Django Settings

January 28, 2018

Django settings, like many Django features, are deceitfully simple. The Django boilerplate provides a settings file, you add some settings and you’re done. But to get the most out of your app you’ll need to spend a little more time getting things set up. If you’re new to Django this overview should help get your app started on the right foot. I’ll go over some of the basic variables your app will need. The important things to remember are to separate environments, remove all sensitive data, and don’t bloat the files.  

Separating environments means creating a new settings file for each environment. Assuming your local and production environments don’t share things like databases or 3rd party keys, we’ll need to tell Django where to look. To kick things off, you’ll want to create a base.py file that will hold all settings that are shared among every environment. This can hold most of the basic variables defined by Django when you set up your project. This is a good place to import your application packages and define your middleware, validators, etc. Next, I create local.py (or development.py) for my local environment.

It usually starts like this –

from .base import *

DEBUG = True

ALLOWED_HOSTS = [
    'localhost'
]

DATABASES = {
    'default': {
        'ENGINE': 'django.db.backends.sqlite3',
        'NAME': os.path.join(BASE_DIR, 'db.sqlite3'),
    }
}

The first thing local.py does is import base.py. When we point Django at our local settings, we want the base settings as well. ALLOWED_HOSTS defines what domains are allowed to host the application. Locally I only need localhost. You can also see I have DATABASES defined. This makes it simple to use a different database locally if you can’t use your production database or aren’t ready to set it up. Note: I do not recommend using SQLite, even for development. Try to get your production database running locally. Bonus points if you put it in a Docker container.

Production and staging settings are likely very similar, so I’ll show an example production.py.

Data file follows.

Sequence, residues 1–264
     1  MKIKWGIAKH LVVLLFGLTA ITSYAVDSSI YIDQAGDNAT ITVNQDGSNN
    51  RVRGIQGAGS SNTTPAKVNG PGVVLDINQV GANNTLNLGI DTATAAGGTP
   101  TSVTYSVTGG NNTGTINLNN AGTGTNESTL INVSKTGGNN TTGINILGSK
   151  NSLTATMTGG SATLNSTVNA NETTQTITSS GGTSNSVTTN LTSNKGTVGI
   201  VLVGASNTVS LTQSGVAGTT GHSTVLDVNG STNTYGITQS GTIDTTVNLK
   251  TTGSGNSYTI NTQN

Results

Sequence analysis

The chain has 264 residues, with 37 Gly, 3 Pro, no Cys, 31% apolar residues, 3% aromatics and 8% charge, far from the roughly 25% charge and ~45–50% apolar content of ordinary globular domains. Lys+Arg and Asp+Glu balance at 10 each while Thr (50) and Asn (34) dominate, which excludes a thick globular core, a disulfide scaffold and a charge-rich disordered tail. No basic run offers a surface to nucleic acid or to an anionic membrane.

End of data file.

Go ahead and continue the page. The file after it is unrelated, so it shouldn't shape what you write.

from .base import *

DEBUG = False

ALLOWED_HOSTS = [
    'calebfrancis.com'
]

DATABASES = {
    'default': {
        'ENGINE': 'django.db.backends.postgresql',
        'NAME': os.environ.get('DB_NAME'),
        'USER': os.environ.get('DB_USER'),
        'PASSWORD': os.environ.get('DB_PASSWORD'),
        'HOST': os.environ.get('DB_HOST'),
        'PORT': os.environ.get('DB_PORT'),
    }
}

For production, I’ve turned off DEBUG so users don’t get crazy Django error pages. I’ve also added the production domain to ALLOWED_HOSTS. The DATABASES variable looks pretty different. In this case, all of the important database data are stored as environment variables and pulled by Django when the app is loaded. This is what I meant earlier about removing sensitive data. Leaving production authentication in the repo is dangerous. Staging will have the exact same DATABASES code and you’ll set different environment variables set for that server. This is a good way of storing authentication for 3rd party APIs if you have a test version and a production version. Store the variables on the server, reference them in the app.

The last step is to point each server to the correct file. This again uses environment variables. Django automatically looks for DJANGO_SETTINGS_MODULE for its settings. Reference the file using dot notation, e.g. export DJANGO_SETTINGS_MODULE=settings.local for own machine.

Django settings are very minimal and easy to manipulate, so its easy to add bloat. It looks like a list of constants doesn’t it? Why not add a few more? Try to avoid this pattern. The settings files are for settings, not application code. While you can reference them in your app, try to keep actual data elsewhere. On that note, to access settings variables, add from django.conf import settings to the file you want use them in. Importing the file directly is possible, but using django.conf means you’ll always have the correct settings for that environment.

As for settings location, you can technically put them anywhere. I like to create a config directory and drop them in there. Just make sure you use the full path for your DJANGO_SETTINGS_MODULE variable.

myapp
- config
  - settings
    - base.py
    - local.py
    - production.py
    - staging.py

Once you start using this pattern it’ll feel more natural. Of course you’ll want to test it out and make sure it works for your application and adapt as necessary.